1st Area Medical Laboratory Soldiers train with Ukrainian military doctors

By Walter HamJuly 8, 2021

U.S. Army Sgt. Stephanie Travieso (left) from the Aberdeen Proving Ground, Maryland-based 1st Area Medical Laboratory observes as Ukraine Ministry of Defense officers set up the polymerase chain reaction during diagnostic testing training. (Photo Credit: Maj. Jang-woo Lee) VIEW ORIGINAL

KYIV, Ukraine – Soldiers from the Aberdeen Proving Ground, Maryland-based 1st Area Medical Laboratory and the Fort Detrick, Maryland-based U.S. Army Medical Institute of Infectious Diseases trained with Ukrainian military medical professionals last month.

Six 1st AML Soldiers and a USAMRIID Soldier deployed to the Ukrainian capital of Kyiv from June 3 – 18.

Maj. Jangwoo Lee, the 1st AML chief of Endemic Disease and Biological Warfare Assessment, said the American Soldiers supported the establishment of a Ukraine Ministry of Defense Biological Mobile Diagnostics Unit.

The U.S. Defense Threat Reduction Agency training initiative focused on polymerase chain reaction diagnostic testing and field identification of biological agents. Lee said the U.S. troops delivered training lectures, hands-on training and field training exercises with Ukrainian troops in laboratory and field environments, using commercially available materials.

“U.S. subject matter experts trained their Ukrainian counterparts who will provide the training to their Soldiers to increase the readiness of the deployable mobile laboratories,” said Lee, an Operation Enduring Freedom veteran who is originally from South Korea. “I believe that the impact and influence of this effort will be greater than the two-week training.”

U.S. Army instructors, Ukrainian military personnel and translators trained together in Kyiv, Ukraine, June 3 - 18. (Photo Credit: Maj. Jang-woo Lee) VIEW ORIGINAL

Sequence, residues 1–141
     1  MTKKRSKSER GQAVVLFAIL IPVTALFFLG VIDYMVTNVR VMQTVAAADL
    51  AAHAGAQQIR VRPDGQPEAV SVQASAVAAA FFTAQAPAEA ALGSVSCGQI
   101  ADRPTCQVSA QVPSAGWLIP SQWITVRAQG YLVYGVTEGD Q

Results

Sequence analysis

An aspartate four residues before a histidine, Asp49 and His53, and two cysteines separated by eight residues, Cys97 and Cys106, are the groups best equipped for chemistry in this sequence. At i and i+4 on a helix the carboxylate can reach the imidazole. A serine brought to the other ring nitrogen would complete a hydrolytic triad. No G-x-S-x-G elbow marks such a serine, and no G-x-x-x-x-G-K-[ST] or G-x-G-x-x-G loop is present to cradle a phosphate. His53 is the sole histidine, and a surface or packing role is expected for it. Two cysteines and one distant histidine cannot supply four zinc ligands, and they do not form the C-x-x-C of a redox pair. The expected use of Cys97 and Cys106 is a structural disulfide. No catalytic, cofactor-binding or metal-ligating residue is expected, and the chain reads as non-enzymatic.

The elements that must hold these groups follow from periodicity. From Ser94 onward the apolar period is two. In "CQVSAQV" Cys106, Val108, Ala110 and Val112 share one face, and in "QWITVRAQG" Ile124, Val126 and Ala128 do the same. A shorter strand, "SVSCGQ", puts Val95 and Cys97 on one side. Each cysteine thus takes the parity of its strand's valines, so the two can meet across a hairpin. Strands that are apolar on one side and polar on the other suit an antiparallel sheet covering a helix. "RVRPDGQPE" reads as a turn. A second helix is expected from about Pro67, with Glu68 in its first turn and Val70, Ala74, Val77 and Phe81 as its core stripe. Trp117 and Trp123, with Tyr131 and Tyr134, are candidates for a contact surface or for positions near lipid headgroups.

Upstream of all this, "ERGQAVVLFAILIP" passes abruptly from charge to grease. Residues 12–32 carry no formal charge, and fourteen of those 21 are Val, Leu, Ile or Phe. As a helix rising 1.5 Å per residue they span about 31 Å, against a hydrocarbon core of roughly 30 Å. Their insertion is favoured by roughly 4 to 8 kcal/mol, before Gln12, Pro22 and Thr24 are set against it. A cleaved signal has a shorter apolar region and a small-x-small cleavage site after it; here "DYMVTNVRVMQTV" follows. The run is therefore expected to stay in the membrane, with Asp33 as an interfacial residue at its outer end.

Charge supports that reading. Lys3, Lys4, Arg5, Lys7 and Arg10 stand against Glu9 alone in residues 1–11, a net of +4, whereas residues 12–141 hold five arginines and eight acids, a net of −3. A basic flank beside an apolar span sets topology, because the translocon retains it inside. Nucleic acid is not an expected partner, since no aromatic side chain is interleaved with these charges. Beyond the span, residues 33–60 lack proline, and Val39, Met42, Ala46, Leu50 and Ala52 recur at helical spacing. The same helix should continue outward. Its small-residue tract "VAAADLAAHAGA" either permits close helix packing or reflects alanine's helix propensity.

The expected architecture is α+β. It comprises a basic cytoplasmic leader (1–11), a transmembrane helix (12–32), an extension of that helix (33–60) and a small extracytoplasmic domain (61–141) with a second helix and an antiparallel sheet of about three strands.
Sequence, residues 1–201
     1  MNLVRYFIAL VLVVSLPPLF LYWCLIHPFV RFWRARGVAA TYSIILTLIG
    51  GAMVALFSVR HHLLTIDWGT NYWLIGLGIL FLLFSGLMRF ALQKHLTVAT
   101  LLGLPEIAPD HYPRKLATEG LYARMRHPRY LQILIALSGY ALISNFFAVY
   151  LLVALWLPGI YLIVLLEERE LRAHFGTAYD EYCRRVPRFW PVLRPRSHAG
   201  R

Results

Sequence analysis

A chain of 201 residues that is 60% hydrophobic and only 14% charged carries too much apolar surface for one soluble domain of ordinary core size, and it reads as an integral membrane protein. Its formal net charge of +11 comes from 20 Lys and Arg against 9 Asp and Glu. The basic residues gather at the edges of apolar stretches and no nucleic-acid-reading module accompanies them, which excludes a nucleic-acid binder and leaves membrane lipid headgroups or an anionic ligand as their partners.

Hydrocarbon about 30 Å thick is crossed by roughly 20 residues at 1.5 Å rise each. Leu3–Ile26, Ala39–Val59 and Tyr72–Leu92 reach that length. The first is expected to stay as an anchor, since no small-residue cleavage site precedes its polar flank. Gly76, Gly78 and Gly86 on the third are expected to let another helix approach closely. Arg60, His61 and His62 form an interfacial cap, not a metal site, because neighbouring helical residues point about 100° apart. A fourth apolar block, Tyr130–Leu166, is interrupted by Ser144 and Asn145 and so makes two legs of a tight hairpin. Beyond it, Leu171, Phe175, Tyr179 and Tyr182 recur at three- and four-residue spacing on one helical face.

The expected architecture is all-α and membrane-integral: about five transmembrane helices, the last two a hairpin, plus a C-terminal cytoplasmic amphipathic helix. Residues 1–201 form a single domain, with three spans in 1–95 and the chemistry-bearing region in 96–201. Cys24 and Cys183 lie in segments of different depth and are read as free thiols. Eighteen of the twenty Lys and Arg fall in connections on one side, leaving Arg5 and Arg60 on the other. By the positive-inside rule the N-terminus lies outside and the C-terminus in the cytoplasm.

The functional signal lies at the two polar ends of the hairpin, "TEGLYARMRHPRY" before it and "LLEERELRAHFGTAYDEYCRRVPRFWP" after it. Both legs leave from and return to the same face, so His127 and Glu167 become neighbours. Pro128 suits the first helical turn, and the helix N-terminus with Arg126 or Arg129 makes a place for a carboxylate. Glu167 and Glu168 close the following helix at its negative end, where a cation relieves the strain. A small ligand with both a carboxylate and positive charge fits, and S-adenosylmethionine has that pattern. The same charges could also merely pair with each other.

Lee said working with the Ukrainian service members during the training mission highlighted the many similarities and differences between the two militaries.

“The footprint, capabilities and capacities of the deployable laboratories of the two countries are quite different,” said Lee. “However, we have observed and realized the fundamentals of the operational procedures are the same, particularly the necessary steps to provide the highly confident threat identification to save our Soldiers in the field and with safety procedures to protect the Soldiers who perform the laboratory testing.”

The 1st Area Medical Laboratory is part of the 20th Chemical, Biological, Radiological, Nuclear, Explosives (CBRNE) Command, the U.S. Department of Defense’s only multifunctional all hazards headquarters.

From 19 military installations in 16 states, 20th CBRNE Command units deploy globally to take on the world’s most dangerous weapons and hazards.

Soldiers from 1st AML perform surveillance, laboratory testing and health hazard assessments of CBRN, occupational, environmental and endemic disease threats around the world.

The Ukraine Ministry of Defense demonstrates MOD Biological Mobile Laboratory operations as a Ukrainian service member decontaminates a vehicle after the delivery of specimens. (Photo Credit: Maj. Jang-woo Lee) VIEW ORIGINAL

The one-of-a-kind U.S. Army laboratory has deployed often to support military operations, including the 2014-2015 effort to contain the Ebola outbreak in West Africa.

Soldiers from 1st AML also served in seven different overseas locations to support the COVID-19 response, including U.S. military hospitals in Germany, South Korea and Japan.

According to 1st AML Commander Col. Mark C. Carder, the recent training mission enabled his command to forge a stronger relationship with the Ukrainian medical professionals.

“As a theater level asset, it is imperative the 1st AML be ready to work with our joint and coalition partners,” said Carder, a native of Cleveland, Tennessee. “Training like this provides a great opportunity for professional collaboration and building relationships. These opportunities also help in developing a common scientific understanding of capabilities and how we might support each other within a theater.”